"May I tell you a story about what happened in my church two years ago?
" "We had been reordering the village church and I had been urging use of a ground source heat pump system with the underfloor heating. It would have reduced our carbon emissions by 40%+. I went to a lot of trouble researching it but in the end, various planning issues prevented it from going ahead. People in the village would not let us use the village field for burying the coils to take the heat from the ground. One person said they wanted £2500/year from the church for taking our heat! In the end gas-fired condensing boilers were used, which reduced our carbon emissions by possibly 20% but as the church is used much more now it probably just broke even. I was disappointed as it seemed that the Lord was not in it for us to use GSHP! "Except the Lord builds the house they labour in vain" Chap. --? verse ---?
"However the spin off was that the Chairlady of the Community Association was enthused by what we tried to do and it helped her to use a heat pump system in their new community centre! The centre is probably carbon neutral now as it also has 10kW of solar panels as well. "All things work together for good ..." Rom 8 v 28"
In this example, a heat pump is installed, and this is seen as 'God's way', on the grounds that it is less carbon-intensive than heating traditionally used in the UK and hence more responsible towards God's planet in terms of climate change emissions.
In the UK there is an epidemic of tuberculosis among cattle, and badgers are believed to be carriers of the disease. Badgers also suffer from it. The Ministry of Agriculture has a policy of wide-area culling of badgers in order to protect cattle. Result: badgers move in from surrounding areas, perhaps bringing the disease with them.
On 5 April 2006 it was reported (BBC Radio 4 Today Programme) that an organic farmer in south-west England, an area where TB is prevalent, had tried a new approach. He noticed that his cattle that were fed on clover rather than maize were much more resistant to the disease. He also knew that badgers liked maize. Maize is deficient in certain elements, especially Selenium. So he left pails by each badger sett with a Selenium-rich mix of molasses. The result: the badgers in his area are healthy and no longer infect his cattle.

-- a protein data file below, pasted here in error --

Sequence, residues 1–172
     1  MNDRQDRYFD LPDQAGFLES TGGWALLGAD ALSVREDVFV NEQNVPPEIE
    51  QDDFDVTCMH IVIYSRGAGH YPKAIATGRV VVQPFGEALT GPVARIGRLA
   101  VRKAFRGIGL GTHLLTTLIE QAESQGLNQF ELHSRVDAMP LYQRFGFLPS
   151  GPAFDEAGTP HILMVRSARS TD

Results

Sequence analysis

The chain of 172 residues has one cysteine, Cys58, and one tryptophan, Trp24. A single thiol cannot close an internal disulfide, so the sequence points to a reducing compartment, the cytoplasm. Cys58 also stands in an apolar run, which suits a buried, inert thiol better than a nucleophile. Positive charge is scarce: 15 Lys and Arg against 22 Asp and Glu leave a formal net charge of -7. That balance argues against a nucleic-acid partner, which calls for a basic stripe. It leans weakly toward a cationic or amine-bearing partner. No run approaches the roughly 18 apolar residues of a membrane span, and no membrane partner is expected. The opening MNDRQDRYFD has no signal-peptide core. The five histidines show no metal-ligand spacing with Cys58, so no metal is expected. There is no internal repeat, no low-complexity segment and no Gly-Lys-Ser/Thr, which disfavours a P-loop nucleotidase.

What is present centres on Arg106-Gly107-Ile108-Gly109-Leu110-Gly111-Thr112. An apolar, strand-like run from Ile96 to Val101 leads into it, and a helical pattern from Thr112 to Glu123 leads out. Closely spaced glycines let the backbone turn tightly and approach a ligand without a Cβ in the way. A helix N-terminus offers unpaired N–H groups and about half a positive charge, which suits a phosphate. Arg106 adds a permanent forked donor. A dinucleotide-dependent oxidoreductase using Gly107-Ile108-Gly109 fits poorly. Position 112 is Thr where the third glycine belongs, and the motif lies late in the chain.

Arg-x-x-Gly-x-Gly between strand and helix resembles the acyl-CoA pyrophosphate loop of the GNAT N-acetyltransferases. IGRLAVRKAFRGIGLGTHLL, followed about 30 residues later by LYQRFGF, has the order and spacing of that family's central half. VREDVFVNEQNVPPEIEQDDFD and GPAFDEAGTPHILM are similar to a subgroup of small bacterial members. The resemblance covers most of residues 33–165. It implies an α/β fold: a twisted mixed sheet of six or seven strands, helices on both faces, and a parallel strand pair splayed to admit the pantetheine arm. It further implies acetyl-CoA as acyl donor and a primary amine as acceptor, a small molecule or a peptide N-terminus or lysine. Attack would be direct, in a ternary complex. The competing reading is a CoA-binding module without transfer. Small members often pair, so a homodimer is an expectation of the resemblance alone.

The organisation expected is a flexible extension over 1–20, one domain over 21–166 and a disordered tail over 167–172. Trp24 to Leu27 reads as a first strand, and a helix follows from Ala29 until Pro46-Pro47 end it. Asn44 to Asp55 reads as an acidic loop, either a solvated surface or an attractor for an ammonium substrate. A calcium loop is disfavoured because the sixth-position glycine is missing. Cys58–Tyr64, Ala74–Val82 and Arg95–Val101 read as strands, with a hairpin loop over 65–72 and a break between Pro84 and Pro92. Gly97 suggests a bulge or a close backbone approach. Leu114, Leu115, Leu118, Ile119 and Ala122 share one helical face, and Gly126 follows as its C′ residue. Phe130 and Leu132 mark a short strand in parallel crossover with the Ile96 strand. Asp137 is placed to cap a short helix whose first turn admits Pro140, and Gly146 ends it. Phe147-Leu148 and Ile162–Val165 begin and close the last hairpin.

This seems a clear example of how, if we look after (do good to) the rest of creation, we will ourselves benefit. The problem is that British farmers have, for long, seen badgers as 'enemies' and 'threats' and I suspect that there is an attitude among them of "Why should we do good to those which ought to be exterminated! Why should I waste my money on doing this?" That attitude - not informed by the fruit of the Holy Spirit - should not, at least, be taken by those who bear Christ's Name.
Perhaps Christian farmers should follow the example of their organic colleague and do good to the badgers rather than seeking their destruction?
Read also Phil Sampson's little story of the history of the world, humankind and God in terms of how we treat animals.
Copyright (c) Andrew Basden 2003-4, but you may copy this page as long as every copy includes this full copyright notice, and the copying is not for financial gain.
Created: . Last updated: 3 December 2006 sampson. 25 July 2010 MikeK's story. 1 August 2010 slight amendments to that story.